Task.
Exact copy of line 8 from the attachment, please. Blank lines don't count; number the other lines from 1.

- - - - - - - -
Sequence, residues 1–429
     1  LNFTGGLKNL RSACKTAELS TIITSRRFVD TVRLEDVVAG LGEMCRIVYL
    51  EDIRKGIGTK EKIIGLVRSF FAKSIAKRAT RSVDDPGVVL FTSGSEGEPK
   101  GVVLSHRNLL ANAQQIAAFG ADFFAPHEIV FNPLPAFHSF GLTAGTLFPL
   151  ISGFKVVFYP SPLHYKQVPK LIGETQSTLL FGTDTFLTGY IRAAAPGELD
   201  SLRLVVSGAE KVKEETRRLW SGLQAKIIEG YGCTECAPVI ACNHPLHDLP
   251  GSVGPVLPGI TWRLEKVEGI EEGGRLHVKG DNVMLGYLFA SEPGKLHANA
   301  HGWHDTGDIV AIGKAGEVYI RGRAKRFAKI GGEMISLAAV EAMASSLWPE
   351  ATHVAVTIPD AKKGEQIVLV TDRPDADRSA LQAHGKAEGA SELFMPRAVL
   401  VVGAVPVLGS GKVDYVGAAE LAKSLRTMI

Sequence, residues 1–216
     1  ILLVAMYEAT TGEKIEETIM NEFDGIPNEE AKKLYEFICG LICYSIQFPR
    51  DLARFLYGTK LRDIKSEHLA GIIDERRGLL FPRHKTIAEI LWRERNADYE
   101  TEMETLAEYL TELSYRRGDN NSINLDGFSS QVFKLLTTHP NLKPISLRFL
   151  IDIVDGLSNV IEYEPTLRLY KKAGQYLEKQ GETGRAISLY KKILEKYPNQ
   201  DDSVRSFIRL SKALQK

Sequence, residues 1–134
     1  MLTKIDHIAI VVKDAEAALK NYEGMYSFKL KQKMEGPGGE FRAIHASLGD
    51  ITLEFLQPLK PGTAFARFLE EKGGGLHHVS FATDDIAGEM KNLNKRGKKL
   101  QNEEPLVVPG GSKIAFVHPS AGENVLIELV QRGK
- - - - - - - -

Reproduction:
   301  HGWHDTGDIV AIGKAGEVYI RGRAKRFAKI GGEMISLAAV EAMASSLWPE